July 2008

Elders, scientists talk climate change
Northern News Services, 28 July 2008

IQALUIT, CANADA: With the mercury pushing far past 20 C and into record-breaking territory, the Planning for Climate Change Symposium in Iqaluit took on added significance. The July 20-23 event was held to share how climate change is affecting the North, and for city planners, scientists, elders and politicians to discuss successes and concerns, share stories and build upon initiatives to slow down climate change. Sunday’s keynote speaker Sheila Watt-Cloutier, a Nobel Peace Prize nominee, has worked for the last 12 years as an Inuit rights advocate and has linked climate change to human rights. “Our environment and climate are becoming much more unpredictable,” said Watt-Cloutier, adding, because of this, traditional knowledge and skills are becoming more difficult to pass down to young people. “Our hunting culture is tied to the land and that’s why, to us, climate change is very much is an issue of our right and our ability to exist as an indigenous people. Read the article…


An interview with Amasina, a shaman in the Amazon rainforest
MongaBay – 28 July 2008

PARAMARIBO, SURINAME: Deep in the Suriname rainforest, an innovative conservation group is working with indigenous tribes to protect their forest home and culture using traditional knowledge combined with cutting-edge technology. The Amazon Conservation Team (ACT) is partnering with the Trio, an Amerindian group that lives in the remote Suriname-Brazil border area of South America, to develop programs to protect their forest home from illegal gold miners and encroachment, improve village health, and strengthen cultural ties between indigenous youths and elders at a time when such cultures are disappearing even faster than rainforests. ACT is providing the Trio with equipment and training so that “indigenous park guards” can map — and thereby someday gain title — to their lands. The Trio use GPS units to document geographic features as well as the location of hunting grounds, places of spiritual significance, and sites rich with medicinal plants and other important resources. Key to the process is bridging the generational gap between indigenous elders and youths: the shamans provide the younger rangers with the historical and cultural information needed to add critical details to the maps. In addition to mapping, the indigenous park guards patrol forest areas for illegal activities, including mining and collection of wildlife for the pet trade. Read the article…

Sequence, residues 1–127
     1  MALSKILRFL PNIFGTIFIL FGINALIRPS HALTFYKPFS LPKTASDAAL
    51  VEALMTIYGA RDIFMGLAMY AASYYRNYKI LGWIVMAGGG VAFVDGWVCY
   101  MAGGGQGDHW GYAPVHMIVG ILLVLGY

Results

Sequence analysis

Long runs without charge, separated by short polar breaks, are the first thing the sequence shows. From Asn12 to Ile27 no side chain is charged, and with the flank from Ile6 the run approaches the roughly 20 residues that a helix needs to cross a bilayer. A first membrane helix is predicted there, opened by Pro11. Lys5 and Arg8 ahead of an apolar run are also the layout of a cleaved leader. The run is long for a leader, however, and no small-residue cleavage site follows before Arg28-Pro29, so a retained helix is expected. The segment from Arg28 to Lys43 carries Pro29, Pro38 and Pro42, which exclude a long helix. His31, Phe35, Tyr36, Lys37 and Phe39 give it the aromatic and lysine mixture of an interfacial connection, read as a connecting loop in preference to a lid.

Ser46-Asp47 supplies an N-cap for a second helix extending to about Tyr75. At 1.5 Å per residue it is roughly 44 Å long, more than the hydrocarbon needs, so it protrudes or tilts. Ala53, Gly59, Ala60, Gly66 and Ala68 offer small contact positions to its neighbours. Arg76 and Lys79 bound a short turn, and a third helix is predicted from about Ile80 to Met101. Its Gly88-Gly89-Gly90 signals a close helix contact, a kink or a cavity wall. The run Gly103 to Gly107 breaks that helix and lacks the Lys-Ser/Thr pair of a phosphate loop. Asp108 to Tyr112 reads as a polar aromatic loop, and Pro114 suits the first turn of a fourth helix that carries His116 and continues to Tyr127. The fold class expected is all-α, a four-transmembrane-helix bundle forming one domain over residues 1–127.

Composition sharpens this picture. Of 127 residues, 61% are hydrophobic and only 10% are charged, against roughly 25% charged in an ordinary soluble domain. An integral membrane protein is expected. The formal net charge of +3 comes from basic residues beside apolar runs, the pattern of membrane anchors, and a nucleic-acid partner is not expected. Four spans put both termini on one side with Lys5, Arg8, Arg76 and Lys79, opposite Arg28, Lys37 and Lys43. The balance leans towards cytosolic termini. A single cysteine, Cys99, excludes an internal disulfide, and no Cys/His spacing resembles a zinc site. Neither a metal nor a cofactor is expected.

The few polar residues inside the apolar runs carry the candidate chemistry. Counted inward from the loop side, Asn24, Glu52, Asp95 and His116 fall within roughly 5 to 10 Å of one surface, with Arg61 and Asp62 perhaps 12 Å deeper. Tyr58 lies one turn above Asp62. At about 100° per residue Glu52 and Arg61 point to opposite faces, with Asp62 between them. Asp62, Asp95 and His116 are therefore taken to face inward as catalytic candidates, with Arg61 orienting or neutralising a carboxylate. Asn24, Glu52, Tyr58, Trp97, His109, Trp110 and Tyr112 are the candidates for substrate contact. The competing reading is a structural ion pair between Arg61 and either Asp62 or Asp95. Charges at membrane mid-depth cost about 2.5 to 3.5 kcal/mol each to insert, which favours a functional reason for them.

Disaster Managers Issue Call to Action
Pacific Magazine – 27 July 2008

NADI, FIJI: A communique was adopted by the CEOs of Finance and/or Planning and Disaster Management as representatives of the Pacific Islands Applied Geoscience Commission (SOPAC) member countries at the closing of the “Inaugural Pacific Regional Disaster Risk Management Meeting for CEOs of Finance/Planning and Disaster Management”, held July 24-25, in Nadi, Fiji. The Communiqué also incorporates the outcomes of the 14th Regional Disaster Managers Meeting and the 3rd Annual Meeting of the Pacific Disaster Risk Management Partnership Network held July 21-23. The ‘Call to Action’ recognised that countries still need assistance to build capacity in using tools, technology and information developed for assessing their hazards and vulnerabilities, including development of strategies to increase engagement of communities and incorporate traditional knowledge in disaster risk management. Read the article…

Prospects Dim For TRIPS Issues At WTO Ministerial, October Deadline Possible
Intellectual Property Review – 27 July 2008